Sir Neville Marriner: Rewind

In early 2016, the British violinist and conductor told us about his past recordings

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Sir Neville Marriner: Rewind
Sir Neville Marriner
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The English performer started his musical life as a violinist before becoming a conductor and founding the Academy of St Martin in the Fields, which has become one of the world's leading chamber orchestras. Marriner made hundreds of recordings, and in this interview from March 2016, he picked out some of the highlights.

My finest moment
Elgar In the South (Alassio); Symphony No. 1
Academy of St Martin in the Fields/Sir Neville Marriner
Collins Classics CC-1269 (1991)

This was the first time I realised the enormous potential the Academy of St Martin in the Fields for playing symphonic works rather than just chamber music works. It was important in the development of the Academy and its repertoire. The ensemble burst forth in a way that it hadn’t had an opportunity to do before, with extraordinary confidence, particularly in In the South. You can always convert the refinement of a chamber orchestra into a very good symphony orchestra. It doesn’t lose any of its intelligence when it’s playing big works. With a symphony orchestra if you try to persuade it to play chamber-orchestral music it’s more difficult. With a chamber orchestra there’s nowhere to hide. Every player is on show. This Elgar was a revelation. As an English conductor you are always drawn to your own repertoire, and it’s music I grew up with. I was taught by William Henry Reed, a close friend of Elgar. But it’s the music itself that quickly draws musicians together.

My fondest memory
Arie Amorose: Italian Baroque arias
Janet Baker (mezzo-soprano); Academy of St Martin in the Fields/Marriner
Philips 475 1612 (1978)

This is an extraordinary record but it’s rather sad in a way. The mezzo Janet Baker and I were making this recording together of Arie Amorose, Italian love songs, way back in 1978. Extraordinarily in that one week, Janet’s mother died and my father died. And we had to debate whether to continue to record. But we decided to go ahead. A voice like Janet’s is enormously sensitive, but her control was quite extraordinary, as was her ability to pull herself together and work. Looking back on it, it would be very hard to recreate the particular emotional intensity that crept into that performance. It’s probably in our imaginations, but we both agreed there was something rather special about this recording.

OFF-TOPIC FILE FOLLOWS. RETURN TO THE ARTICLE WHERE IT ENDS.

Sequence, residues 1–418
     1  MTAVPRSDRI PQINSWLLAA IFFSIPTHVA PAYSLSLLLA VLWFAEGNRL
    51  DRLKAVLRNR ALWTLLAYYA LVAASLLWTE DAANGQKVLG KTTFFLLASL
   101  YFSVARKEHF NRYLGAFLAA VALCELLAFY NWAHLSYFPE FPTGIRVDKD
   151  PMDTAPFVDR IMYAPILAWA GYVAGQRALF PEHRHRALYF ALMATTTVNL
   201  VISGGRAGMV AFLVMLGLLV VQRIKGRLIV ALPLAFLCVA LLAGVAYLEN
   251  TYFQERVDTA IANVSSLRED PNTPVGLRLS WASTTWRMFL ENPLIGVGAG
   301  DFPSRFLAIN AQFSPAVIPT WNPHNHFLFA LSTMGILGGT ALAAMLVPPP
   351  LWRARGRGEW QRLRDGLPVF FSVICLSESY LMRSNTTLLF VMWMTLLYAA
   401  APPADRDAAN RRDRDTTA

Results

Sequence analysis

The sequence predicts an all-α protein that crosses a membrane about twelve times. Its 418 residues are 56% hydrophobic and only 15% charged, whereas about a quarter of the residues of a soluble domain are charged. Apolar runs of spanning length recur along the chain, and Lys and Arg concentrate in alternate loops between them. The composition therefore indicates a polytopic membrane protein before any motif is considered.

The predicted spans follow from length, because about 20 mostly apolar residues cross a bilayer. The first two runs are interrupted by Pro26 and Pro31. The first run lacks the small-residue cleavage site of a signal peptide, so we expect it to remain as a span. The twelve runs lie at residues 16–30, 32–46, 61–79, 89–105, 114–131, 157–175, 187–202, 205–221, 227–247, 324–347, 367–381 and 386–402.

I’d like another go at…
Mozart The Marriage of Figaro
Barbara Hendricks, José van Dam, Lucia Popp, Felicity Palmer et al; Ambrosian Opera Chorus; Academy of St Martin in the Fields/Marriner
Decca 470 5732 (1990)

I have to be honest – if I listen to my records nowadays I don’t think there’s one I wouldn’t wish to do again. The big productions are especially vulnerable. With the first major symphonies I think now: ‘Oh, it would be wonderful to have a little more weight.’ And then in the first oratorios I think, ‘I wish I had a bit less weight and a bit more lightness.’ With the first opera, I now think: ‘Gosh, I wish I had more imagination.’ So it’s very difficult to pick just one. On the other hand I’ve just listened to a 1964 recording of Handel Concerti Grossi we’ve just produced and I realise that the freshness and vitality we had then would be very hard to get now. But I think given a choice that I would like to start again with a Mozart opera, The Marriage of Figaro. It was the first one we recorded. Time and time again around the world now we play the overture as an encore piece. But just the overture is not entirely satisfying and I always want to go on.

 

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